A yellow swallowtail butterfly visits the flowers of a perennial verbena
The U.S. Department of Agriculture has designated June 20 – June 26 National Pollinator Week to increase awareness of the decline of our populations of bees, birds, butterflies, bats, moths, beetles and other important pollinators. While in the garden yesterday, a lovely yellow swallowtail butterfly descended to land on the flowers beside me and as I was taking it’s picture, I was thinking about what I could do to attract even more pollinators to our garden. It’s an idea that has been on my mind a lot lately and that led me to the following conclusion:
This gardening thing might be getting out of hand. This would make a great topic for discussion, especially since it is National Pollinator Week. (post script: Don’t miss the slide show at the end of this post!)
Bees love the flowers of Hypericum ‘St. John’s Wort’
While researching, I was overwhelmed by the amount of information out there. I mean, on the one hand it’s great that there are so many resources, but on the other it’s almost paralyzing from the pure information overload. So what I’ve done is broken the basics down into 5 easy steps for attracting pollinators to your garden, and while I am not an expert and do not claim to be (she says in italics to further emphasize the point), I think these are pretty good rules of thumb to begin, or add to, a pollinator garden.
1. Provide a Year-Round Fresh Water Source
I feel like this has become my battle-cry; it always seems to come back to this, but yes, this is extremely important, I even think more important than putting up a bird feeder. We use a simple concrete bird bath from spring to fall, replacing with a heated bird bath for winter when temps drop below freezing and a fresh water source is vital. Our bird bath is the hub of the garden and a constant source of activity. Pollinators such as birds and beneficial insects will visit the water source during the day, and I’ve read (although I’ve never seen,) bats will stop for a drink in the evening. If you have a pond, then consider yourself lucky because you’re probably already attracting pollinators, and if you live in an area which freezes over in winter, consider using a de-icer.
2. Go Native
Native plants provide important food sources for pollinators as well as cover, and are often host plants for various forms of butterflies. And here’s the best part: being already adapted to your environment they will be extremely easy to grow. I’m pleased to see that even the big box stores are getting on board by providing native plants in their garden centers, but your best bet is to visit a knowledgable, local grower who will most likely have a wider selection of native plants to attract pollinators for your area.
3. Avoid Pesticides
This is a no-brainer, but it needs to be said. Listen, I grow a lot of roses, which attract a lot of pests, and since we started vegetable gardening I’m seeing insects I didn’t even know existed. If you use pesticides willy-nilly you’re going to kill the good guys as well as the bad guys. The best method of control is to allow the “good guys” to catch up and establish a balance in your garden. I take time out every day for search and squish missions. I’ve become less squeamish about having bug guts on my fingers over the years.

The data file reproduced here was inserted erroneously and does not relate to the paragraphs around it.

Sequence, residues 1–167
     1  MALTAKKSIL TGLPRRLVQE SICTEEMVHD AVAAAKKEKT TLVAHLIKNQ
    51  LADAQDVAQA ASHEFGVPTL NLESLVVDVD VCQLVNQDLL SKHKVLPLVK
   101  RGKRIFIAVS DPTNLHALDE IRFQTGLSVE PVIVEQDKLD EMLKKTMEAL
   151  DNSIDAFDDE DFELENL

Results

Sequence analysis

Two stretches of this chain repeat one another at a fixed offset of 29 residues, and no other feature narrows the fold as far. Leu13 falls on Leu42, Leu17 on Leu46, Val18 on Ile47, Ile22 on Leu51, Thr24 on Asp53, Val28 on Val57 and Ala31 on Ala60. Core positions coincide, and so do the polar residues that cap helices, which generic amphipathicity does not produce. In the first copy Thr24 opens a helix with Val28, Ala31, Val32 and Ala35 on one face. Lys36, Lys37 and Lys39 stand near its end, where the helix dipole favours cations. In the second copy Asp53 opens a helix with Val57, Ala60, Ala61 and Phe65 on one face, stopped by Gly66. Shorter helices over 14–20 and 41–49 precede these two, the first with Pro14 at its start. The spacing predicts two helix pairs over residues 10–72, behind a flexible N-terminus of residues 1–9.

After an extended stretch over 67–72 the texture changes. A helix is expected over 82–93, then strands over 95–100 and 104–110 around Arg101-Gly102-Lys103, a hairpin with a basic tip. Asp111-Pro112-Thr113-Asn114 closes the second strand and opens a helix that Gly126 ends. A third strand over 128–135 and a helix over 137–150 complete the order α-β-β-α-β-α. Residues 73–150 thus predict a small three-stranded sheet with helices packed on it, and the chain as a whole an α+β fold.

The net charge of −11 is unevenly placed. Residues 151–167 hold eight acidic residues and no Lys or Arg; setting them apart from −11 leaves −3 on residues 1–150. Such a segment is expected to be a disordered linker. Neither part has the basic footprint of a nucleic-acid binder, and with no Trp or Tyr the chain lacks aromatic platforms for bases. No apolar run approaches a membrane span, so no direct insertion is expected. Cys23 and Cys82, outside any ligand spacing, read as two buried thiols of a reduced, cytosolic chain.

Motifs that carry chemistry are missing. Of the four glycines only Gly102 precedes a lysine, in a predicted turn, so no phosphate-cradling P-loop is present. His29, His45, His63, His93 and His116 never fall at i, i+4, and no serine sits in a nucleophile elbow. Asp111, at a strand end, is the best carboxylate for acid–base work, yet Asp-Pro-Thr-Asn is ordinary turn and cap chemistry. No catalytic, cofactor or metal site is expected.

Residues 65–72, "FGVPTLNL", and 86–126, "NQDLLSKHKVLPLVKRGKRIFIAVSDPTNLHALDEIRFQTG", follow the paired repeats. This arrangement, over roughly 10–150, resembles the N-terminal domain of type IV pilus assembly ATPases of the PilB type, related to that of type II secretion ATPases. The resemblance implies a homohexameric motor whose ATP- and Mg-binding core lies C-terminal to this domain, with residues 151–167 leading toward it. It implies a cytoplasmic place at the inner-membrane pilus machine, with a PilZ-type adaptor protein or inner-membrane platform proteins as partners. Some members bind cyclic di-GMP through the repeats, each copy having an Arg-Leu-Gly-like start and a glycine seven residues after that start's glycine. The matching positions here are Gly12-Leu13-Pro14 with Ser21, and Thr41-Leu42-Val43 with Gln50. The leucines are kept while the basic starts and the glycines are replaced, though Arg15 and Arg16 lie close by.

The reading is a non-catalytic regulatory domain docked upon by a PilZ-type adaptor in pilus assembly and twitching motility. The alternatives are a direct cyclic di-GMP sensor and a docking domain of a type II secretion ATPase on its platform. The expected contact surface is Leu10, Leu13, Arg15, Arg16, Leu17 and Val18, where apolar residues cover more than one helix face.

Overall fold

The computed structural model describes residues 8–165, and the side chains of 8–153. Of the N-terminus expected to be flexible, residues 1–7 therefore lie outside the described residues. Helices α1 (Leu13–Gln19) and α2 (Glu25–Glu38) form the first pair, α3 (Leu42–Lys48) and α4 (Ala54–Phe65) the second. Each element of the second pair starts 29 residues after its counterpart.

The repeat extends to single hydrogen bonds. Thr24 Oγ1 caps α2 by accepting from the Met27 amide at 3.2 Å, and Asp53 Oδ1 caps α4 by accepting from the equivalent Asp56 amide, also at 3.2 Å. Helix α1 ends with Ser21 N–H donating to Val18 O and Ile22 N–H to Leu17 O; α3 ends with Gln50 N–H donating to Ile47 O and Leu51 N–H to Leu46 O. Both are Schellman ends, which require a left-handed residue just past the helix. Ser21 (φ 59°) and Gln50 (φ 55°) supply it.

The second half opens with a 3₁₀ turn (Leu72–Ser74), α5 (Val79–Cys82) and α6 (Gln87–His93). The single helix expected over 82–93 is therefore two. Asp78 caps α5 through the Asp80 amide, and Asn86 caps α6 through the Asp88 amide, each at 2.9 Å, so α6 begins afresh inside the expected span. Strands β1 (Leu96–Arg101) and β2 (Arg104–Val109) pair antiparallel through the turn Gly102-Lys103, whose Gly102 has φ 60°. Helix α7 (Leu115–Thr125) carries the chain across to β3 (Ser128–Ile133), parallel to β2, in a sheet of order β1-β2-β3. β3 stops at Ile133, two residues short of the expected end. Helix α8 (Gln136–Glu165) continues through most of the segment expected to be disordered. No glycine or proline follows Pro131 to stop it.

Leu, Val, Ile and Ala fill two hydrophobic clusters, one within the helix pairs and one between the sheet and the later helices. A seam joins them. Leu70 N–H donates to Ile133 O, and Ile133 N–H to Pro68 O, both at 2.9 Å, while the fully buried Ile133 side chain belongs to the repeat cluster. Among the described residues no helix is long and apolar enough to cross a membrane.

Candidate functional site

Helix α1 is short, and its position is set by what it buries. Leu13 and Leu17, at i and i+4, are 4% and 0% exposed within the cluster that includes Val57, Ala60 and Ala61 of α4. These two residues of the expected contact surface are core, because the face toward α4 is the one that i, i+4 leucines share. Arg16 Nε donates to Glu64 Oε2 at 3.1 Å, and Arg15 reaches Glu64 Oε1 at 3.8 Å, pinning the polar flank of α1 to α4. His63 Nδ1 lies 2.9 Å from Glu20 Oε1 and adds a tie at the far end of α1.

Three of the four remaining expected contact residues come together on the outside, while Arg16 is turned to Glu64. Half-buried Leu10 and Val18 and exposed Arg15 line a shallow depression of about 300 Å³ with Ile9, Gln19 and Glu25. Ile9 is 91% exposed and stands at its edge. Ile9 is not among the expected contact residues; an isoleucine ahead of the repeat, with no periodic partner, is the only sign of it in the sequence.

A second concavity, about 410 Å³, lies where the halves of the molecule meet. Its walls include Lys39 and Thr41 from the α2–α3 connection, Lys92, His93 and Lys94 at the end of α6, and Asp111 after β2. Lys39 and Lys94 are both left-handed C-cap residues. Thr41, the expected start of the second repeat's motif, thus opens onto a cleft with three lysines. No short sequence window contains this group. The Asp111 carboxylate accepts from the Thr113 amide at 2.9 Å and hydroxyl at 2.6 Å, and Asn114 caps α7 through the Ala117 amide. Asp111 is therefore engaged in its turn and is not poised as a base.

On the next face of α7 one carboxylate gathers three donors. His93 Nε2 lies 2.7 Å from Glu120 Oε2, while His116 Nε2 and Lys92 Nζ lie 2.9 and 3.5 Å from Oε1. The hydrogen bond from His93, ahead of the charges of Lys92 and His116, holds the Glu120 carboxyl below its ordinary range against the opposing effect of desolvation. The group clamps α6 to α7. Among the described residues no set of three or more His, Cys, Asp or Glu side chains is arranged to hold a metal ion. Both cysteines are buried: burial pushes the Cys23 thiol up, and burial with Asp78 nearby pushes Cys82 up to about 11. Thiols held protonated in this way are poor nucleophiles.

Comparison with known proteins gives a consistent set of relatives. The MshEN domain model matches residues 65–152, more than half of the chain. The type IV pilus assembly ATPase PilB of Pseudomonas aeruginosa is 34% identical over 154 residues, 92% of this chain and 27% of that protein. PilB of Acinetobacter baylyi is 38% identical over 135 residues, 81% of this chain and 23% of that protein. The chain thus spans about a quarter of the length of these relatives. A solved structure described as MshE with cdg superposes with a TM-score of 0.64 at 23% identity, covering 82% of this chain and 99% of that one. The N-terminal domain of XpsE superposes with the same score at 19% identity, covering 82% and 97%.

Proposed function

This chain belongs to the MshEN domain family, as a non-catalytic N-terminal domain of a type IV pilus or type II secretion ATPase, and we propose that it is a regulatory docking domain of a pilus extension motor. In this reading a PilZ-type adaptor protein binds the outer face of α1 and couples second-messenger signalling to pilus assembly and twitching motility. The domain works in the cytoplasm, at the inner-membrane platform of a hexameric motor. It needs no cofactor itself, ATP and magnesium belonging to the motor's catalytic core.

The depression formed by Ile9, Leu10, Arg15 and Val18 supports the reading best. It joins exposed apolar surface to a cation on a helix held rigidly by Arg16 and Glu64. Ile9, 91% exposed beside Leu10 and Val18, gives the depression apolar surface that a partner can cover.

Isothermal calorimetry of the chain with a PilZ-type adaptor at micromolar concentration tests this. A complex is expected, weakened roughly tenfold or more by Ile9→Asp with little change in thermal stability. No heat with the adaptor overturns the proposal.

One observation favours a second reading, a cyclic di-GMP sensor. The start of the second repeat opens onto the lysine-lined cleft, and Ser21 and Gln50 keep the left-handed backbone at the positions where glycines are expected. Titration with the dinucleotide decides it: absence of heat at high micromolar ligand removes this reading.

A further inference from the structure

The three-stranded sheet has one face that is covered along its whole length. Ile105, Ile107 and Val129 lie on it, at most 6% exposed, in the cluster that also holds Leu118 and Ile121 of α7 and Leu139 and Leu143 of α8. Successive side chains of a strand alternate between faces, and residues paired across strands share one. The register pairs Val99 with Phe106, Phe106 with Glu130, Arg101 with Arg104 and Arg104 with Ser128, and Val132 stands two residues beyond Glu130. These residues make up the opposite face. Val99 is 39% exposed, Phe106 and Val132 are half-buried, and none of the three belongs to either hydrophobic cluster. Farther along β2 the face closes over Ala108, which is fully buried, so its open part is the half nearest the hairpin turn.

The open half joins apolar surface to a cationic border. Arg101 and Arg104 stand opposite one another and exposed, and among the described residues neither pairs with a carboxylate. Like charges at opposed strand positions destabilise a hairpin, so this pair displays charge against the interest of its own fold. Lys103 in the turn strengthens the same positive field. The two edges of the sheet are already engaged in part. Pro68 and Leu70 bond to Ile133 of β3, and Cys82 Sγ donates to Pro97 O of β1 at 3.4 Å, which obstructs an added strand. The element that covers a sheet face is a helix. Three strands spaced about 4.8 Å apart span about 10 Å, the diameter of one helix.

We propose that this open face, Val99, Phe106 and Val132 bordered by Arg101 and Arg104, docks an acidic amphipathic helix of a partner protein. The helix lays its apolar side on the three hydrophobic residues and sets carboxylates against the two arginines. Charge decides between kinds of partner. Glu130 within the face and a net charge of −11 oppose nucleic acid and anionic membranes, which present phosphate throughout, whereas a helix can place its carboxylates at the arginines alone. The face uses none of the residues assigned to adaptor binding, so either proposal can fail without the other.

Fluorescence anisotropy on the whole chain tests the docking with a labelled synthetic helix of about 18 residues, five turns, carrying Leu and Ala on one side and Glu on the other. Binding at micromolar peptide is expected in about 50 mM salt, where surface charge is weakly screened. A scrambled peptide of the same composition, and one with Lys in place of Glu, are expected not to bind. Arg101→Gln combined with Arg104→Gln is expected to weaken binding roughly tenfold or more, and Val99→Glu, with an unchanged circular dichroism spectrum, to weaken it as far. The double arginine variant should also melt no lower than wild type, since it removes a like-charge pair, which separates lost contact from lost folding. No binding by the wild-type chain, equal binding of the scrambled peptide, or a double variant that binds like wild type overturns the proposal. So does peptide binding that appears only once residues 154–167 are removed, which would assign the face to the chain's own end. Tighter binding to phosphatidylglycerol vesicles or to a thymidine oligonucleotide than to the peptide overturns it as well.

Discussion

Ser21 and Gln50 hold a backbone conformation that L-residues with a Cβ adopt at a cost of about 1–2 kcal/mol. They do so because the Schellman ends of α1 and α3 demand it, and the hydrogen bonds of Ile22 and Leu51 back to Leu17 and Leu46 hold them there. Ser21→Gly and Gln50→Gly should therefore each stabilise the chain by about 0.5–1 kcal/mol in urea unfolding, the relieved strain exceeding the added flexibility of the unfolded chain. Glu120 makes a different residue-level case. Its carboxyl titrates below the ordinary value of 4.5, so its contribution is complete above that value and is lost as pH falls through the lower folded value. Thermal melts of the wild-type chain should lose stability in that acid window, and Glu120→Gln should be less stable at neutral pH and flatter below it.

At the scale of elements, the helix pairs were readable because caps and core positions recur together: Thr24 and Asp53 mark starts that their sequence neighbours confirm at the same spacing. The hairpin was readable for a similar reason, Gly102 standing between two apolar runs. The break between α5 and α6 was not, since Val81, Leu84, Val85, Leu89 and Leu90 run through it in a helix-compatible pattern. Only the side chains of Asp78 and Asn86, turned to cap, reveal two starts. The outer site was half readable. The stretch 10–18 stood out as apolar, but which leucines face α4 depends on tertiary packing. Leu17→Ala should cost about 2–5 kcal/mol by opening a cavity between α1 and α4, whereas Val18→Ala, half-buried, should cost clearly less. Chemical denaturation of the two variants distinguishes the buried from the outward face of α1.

4. Provide Materials for Overwintering and Nesting
While good cultural practices are important to prevent disease and pests, a garden doesn’t need to be pristine. In fact, leaving behind garden debris such as leaves, brush, and twigs is actually a good thing. If you have a dead tree in your yard, and it isn’t a safety concern, leave it be. Don’t be as fanatic about dead-heading flowers, especially seed-producing ones. Provide mud-puddles, nest boxes, mason bee houses, bat houses (although our bats poo-pooed those and prefer the trees instead), and overturned, partly buried flower pots.
5. Diversify and Plant in Groups
Pollinators are attracted to a wide variety of nectar and pollen producing plants, as well as the colors and shapes of their flowers and when their blossoms open. Plant a wide variety to cover all your bases and don’t forget to include night-blooming flowers which will attract moths as well as bats. (I’m a fan of white flowering tobacco, nicotiana, but I remember when we lived in San Diego, my mother grew a night-blooming jasmine, Cestrum nocturnum, which I wish would survive the climate here in PA.) Site this wide variety of pollen and nectar producing plants together in groups or swaths, much as you would see in nature. Pollinators will have a better chance of finding, and staying in your garden if you do so.
A hummingbird moth visits a Calibrachoa
I’ve put together a slide-show featuring some pollinator-attracting plants growing in our garden here in central PA and some slides of which I took on my recent visit to the Pollinators’ Garden at the H.O. Smith Botanical Garden at Penn State. One thing missing are slides of the hummingbirds that frequent our garden every summer as I’ve tried unsuccessfully to take their picture on so many occasions. (They’re like the faeries of the bird world: once I try to prove their existence, they disappear. However, they love our zinnias, cat mint, and butterfly bushes especially.) Enjoy!